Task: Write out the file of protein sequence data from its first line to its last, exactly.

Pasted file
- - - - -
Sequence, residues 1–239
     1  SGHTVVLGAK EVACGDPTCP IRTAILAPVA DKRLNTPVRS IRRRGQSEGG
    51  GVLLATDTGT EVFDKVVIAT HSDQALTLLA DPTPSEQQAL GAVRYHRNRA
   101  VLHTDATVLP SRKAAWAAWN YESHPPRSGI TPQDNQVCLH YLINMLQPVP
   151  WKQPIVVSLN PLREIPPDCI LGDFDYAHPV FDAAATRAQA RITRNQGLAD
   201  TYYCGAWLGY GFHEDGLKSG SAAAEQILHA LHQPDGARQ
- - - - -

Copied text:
Sequence, residues 1–239
     1  SGHTVVLGAK EVACGDPTCP IRTAILAPVA DKRLNTPVRS IRRRGQSEGG
    51  GVLLATDTGT EVFDKVVIAT HSDQALTLLA DPTPSEQQAL GAVRYHRNRA
   101  VLHTDATVLP SRKAAWAAWN YESHPPRSGI TPQDNQVCLH YLINMLQPVP
   151  WKQPIVVSLN PLREIPPDCI LGDFDYAHPV FDAAATRAQA RITRNQGLAD
   201  TYYCGAWLGY GFHEDGLKSG SAAAEQILHA LHQPDGARQ